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CD ripping legalised in copyright law overhaul

UK Business Secretary Vince Cable has declared that the government will be accepting all ten recommendations made in the Hargreaves review, prompting one of the biggest shake-ups in UK intellectual property law in years.

"The Government is focused on boosting growth and the Hargreaves review highlighted the potential to grow the UK economy," Cable claimed in a statement today. "By creating a more open intellectual property system it will allow innovative businesses to develop new products and services which will be able to compete fairly in the UK’s thriving markets for consumer equipment.

"We are accepting the [Hargreaves] recommendations and will now set about reforming the UK's intellectual property systems. Opening up intellectual property laws can deliver real value to the UK economy as well as the creators and consumers," claimed Cable.

"As part of our Plan for Growth, the Government’s broad acceptance of the Hargreaves review will make it easier to use Intellectual Property to create value and growth in the economy and across our society, in ways that are fair to everyone," agreed Chancellor George Osborne during the announcement.

While many of the moves will be of interest only to businesses and academics - such as the planned introduction of an exception to copyright for the purposes of analytical data mining - others will be welcomed by all. Perhaps the biggest - and most overdue - change is to the law regarding private copying of content.

Previously, the act of limited private copying - to shift the format of a music track from an inconvenient physical CD to an MP3 that can be placed on your portable media player or smartphone, for example - was, technically, illegal under the Copyright Act.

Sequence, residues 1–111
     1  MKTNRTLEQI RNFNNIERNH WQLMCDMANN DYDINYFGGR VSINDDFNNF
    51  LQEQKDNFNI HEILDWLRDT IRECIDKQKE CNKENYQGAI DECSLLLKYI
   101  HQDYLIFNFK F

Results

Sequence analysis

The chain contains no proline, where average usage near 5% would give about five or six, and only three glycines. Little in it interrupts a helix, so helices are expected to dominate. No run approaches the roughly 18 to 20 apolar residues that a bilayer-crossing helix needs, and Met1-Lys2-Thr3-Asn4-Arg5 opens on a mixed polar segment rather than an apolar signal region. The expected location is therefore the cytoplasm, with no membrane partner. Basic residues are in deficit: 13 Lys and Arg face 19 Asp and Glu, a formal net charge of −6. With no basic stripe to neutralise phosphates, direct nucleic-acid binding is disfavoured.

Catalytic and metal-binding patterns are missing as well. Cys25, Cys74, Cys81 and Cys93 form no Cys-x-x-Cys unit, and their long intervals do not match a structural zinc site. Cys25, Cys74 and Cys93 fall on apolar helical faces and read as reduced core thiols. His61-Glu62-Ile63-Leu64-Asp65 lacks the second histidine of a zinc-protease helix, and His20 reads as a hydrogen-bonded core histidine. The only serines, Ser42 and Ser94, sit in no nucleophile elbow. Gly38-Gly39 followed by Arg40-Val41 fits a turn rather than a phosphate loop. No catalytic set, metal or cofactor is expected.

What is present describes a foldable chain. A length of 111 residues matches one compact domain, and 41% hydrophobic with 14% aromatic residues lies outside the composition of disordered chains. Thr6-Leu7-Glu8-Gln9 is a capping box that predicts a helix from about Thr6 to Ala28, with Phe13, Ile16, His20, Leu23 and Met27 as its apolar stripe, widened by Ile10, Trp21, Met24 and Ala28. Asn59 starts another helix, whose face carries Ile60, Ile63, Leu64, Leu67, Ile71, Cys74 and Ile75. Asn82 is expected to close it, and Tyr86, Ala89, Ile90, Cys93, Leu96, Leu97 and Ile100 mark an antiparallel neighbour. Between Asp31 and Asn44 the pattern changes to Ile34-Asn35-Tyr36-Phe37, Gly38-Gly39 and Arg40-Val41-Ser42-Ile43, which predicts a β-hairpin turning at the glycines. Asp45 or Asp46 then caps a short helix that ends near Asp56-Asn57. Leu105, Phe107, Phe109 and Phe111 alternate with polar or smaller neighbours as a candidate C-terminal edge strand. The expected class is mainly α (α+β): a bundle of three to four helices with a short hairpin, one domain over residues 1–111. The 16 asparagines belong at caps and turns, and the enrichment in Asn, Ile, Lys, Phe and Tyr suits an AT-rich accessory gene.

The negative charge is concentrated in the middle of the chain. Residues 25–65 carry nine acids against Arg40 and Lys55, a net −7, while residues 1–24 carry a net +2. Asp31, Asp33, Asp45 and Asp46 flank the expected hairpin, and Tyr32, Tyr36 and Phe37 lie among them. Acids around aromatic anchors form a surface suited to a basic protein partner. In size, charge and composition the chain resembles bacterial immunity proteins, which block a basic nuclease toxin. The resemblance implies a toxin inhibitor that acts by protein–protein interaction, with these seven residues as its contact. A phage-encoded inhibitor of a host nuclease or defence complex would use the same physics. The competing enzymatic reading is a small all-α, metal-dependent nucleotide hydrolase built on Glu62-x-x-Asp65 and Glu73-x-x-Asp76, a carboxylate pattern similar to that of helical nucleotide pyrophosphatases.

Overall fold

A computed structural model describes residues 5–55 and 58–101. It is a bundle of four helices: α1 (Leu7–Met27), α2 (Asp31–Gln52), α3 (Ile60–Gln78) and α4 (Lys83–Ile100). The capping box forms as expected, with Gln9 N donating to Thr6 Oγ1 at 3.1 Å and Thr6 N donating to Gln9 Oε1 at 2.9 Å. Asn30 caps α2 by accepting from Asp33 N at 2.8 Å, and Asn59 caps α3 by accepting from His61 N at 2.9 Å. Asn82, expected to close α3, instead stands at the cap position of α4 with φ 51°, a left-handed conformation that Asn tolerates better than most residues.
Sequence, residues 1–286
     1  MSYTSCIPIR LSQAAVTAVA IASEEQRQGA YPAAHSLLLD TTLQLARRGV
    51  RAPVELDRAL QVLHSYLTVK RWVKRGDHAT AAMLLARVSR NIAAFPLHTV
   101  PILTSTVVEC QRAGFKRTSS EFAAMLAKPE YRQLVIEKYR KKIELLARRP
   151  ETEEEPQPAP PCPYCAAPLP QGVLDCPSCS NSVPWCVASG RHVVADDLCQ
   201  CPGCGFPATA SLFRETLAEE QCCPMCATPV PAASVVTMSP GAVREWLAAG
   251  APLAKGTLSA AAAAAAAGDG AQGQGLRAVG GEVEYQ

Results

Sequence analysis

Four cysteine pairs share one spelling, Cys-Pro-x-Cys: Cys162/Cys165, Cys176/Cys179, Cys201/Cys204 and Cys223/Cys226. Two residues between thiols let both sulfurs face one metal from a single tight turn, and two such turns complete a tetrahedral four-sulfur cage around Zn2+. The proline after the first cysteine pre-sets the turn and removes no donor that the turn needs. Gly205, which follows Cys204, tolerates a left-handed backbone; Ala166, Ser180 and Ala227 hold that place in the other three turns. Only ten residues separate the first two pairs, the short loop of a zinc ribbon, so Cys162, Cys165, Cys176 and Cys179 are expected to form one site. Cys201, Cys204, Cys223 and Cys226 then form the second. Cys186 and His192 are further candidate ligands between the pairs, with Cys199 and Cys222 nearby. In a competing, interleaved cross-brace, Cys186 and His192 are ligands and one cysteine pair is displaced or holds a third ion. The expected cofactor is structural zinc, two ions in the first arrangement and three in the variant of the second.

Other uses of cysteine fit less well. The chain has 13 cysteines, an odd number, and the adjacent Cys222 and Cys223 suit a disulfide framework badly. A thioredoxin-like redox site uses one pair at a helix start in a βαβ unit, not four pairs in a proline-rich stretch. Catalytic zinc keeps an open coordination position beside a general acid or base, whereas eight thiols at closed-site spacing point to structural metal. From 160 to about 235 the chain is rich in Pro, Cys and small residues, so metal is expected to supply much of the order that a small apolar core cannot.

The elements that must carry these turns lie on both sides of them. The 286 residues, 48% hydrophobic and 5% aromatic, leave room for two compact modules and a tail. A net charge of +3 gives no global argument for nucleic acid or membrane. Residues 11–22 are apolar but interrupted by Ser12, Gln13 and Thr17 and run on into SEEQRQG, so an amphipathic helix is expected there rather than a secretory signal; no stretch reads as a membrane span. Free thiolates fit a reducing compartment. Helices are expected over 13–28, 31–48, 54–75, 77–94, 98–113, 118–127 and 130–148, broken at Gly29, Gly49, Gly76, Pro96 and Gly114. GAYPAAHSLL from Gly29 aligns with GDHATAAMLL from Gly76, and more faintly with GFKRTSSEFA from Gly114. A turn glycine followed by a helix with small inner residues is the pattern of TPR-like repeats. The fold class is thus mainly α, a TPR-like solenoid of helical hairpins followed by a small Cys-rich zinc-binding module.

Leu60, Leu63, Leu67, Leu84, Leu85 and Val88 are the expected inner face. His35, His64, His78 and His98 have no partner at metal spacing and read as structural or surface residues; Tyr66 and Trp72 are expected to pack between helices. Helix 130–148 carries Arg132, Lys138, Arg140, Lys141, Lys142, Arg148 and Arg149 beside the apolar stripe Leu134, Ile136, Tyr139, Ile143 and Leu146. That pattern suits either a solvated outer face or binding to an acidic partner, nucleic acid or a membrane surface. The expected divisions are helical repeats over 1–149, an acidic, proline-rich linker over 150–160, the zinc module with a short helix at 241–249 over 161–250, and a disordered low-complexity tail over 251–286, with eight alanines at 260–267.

While unenforced - to the point where Apple was able to get away with the slogan 'Rip, Mix, Burn' for several advertising campaigns - it left those users wanting to make use of their new digital music players in a legal grey area.

The new exemption will change the law so that it is in line with consumer expectations, and reflects the real-world use of such devices. How broad the exemption will be - and whether it will cover the uploading of such copied content to cloud-based services like Apple's iCloud - is not yet known.

The reforms will also see copying for the purposes of parody - a protected use in the US, but not in the UK - legitimised, a nod to the requests that the UK implement a broader 'fair use' law for the re-use of copyright content without permission in selected scenarios.

Not all of the recommendations reflect relaxed approaches to intellectual property, however. The government has also announced that it is issuing a new Intellectual Property Crime Strategy which details how domestic enforcement of IP theft will be carried out.

"Intellectual property is a key UK export and global trade in IP licenses alone is worth more than £600 billion a year," claimed Minister for Intellectual Property Baroness Wilcox. "UK businesses need to have confidence in the international IP framework so they are able to create and exploit value from their ideas."

That trade in intellectual property will be helped by the founding of a Digital Copyright Exchange, a market place where licences for copyright content can be bought and sold. It's a move which it is believed could add up to £2 billion a year to the UK economy by 2012, and one which represents a large chunk of the alleged £7.9 billion 'potential benefit' that the reforms bring. monitors all leading technology stories and rounds them up to help you save time hunting them down.